I've given up calling Plod. He does not tell me what constitutes an emergency - which the 999 system was set up for I know - but it's only when I dial all the Nines that he then tells me what doesn't. Dropped kerb parking is one that 'apparently and what if sir' - according to local police at Lewisham - doesn't. Many's the time I've had a car or skip parked on the driveway - the latter for building work - when some Mork or Mindy has pulled up and left their car blocking the driveway: effectively trapping mine in. Weird innit I know, but that's life in "Kool Britannia" or Londineum. 'Anyroad' (as me old mam might say by way of meaning 'anyway') the Romans would not put up with it...
The 'route' of the problem
One couple thought I was being unreasonable. They had blocked my skip in overnight... even though it was due to be exchanged for a new one. She screamed that I didn't know who I was messing 'wit'. He screamed equally loudly that I was a 'clot' who had better not 'diss' him, and I had better 'watch it'. 'You don't know him,' the wife warned. I was actually 'datting'' him in terms of 'dat's' my drive don't block it... please. However... surprising how polite one becomes when someone you 'don't know'? threatens to drag you out of the old memsahib zone. Another user of the driveway was also a 'neighbour'- friendliness, consideration etc - who had parked halfway across the driveway, again trapping my car in. She could not see what all the fuss was about. 'I've been working thirteen hours today, and I don't need this,' she said. Adding with visible and contemptuous frustration - a real memsahib - 'You're the only one in the street with this kind of set up anyway!' This was opined in full realisation of what she thought the problem was - mainly, that I had a driveway and she didn't. I've since discovered that she does have a studio so following that same rule I shall move TheBigRetort to the bottom of her garden. I must admit that I was eventually none too polite to both; the first two called me 'wanker' (some truth there) and the other found me 'quite rude'. (Could be a bit of truth in that too as I did use language described in a PC-world as 'strong'.) Still, if an Englishman's home is his castle, then his driveway has to to be the drawbridge... Not according to the Sheriff's men. 'We'll deal with it in a couple of hours, sir. Bit busy now (fighting crime you wally).'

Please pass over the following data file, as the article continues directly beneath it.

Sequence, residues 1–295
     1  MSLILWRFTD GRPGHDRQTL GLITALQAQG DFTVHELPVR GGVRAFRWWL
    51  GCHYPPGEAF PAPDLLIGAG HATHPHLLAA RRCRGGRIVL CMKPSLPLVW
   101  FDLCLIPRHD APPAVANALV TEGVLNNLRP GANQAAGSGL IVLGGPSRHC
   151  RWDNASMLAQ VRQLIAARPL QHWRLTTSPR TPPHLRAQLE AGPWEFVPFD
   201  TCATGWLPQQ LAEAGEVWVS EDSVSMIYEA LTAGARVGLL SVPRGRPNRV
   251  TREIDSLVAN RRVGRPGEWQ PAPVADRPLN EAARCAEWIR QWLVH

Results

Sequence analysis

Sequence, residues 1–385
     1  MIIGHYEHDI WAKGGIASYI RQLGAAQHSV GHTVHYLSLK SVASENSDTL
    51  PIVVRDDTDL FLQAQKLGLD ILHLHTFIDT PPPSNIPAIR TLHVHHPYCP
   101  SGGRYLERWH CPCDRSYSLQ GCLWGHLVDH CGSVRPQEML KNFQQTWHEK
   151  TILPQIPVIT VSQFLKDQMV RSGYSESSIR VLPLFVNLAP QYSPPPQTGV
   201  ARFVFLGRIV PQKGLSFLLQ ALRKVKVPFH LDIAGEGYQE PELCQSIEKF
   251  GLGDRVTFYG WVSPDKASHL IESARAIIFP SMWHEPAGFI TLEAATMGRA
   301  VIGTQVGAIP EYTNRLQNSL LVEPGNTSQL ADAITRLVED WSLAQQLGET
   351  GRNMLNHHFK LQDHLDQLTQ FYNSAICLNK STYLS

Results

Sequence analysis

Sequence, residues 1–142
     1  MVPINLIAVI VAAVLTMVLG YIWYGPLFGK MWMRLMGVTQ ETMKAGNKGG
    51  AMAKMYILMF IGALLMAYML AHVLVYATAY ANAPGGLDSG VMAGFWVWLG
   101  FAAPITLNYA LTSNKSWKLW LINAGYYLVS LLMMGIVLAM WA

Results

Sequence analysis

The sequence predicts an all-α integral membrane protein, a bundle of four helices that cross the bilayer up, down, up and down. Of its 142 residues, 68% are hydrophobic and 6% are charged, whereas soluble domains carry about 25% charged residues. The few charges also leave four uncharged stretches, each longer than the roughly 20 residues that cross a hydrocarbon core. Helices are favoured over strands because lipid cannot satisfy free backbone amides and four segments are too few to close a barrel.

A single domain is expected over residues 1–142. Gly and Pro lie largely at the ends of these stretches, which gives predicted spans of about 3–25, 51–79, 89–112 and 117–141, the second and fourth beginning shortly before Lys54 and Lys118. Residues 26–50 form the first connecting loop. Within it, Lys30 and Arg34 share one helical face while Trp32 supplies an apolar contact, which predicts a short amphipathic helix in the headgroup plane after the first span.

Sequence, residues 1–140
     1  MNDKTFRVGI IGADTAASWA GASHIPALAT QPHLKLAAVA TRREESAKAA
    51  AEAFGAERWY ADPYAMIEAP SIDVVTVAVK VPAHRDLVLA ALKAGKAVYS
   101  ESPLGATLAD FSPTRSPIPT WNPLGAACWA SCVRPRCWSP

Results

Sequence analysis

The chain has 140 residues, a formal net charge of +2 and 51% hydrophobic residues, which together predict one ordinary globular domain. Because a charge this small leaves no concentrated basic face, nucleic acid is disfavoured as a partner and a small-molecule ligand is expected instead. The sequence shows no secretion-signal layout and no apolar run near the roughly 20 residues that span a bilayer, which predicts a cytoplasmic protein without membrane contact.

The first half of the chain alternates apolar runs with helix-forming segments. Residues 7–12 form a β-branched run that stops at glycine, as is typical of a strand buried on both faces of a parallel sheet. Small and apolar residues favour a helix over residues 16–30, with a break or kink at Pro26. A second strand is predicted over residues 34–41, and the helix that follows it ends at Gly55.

Parking Adjacent to a Dropped Kerb
Depending on who I get I have been told there is no crime in parking across a driveway. It's all about whether it's access or egress. But is that true?
Section 14 of the London Local Authorities and Transport for London Act 2003
introduced a new parking contravention of parking adjacent to a dropped kerb. This is defined as any part of the foot way or verge where it has been lowered to meet the level of the carriageway for a road for the purpose of (a) assisting pedestrians to cross or (b) assisting vehicle to enter or leave the road across the foot way or verge. Clearly, the purpose is to stop vehicles blocking these lowered kerbs and preventing them being used for their intended purpose.
In the case of residential premises with a driveway (not shared with other premises), where the purpose of the dropped foot way is to assist vehicles to enter or leave the road from or to the driveway, a Penalty Charge Notice can be served. [A PNC is not issued unless requested by the occupier of the premises. A caveat without which might see a Penalty Charge Notice being issued to the occupier’s own vehicle.] A number of exemptions apply to this prohibition; for example, for boarding and alighting and loading and unloading. But don't dial 999. 'That's a Transport for London matter, sir,' will be the police response. Oh hum.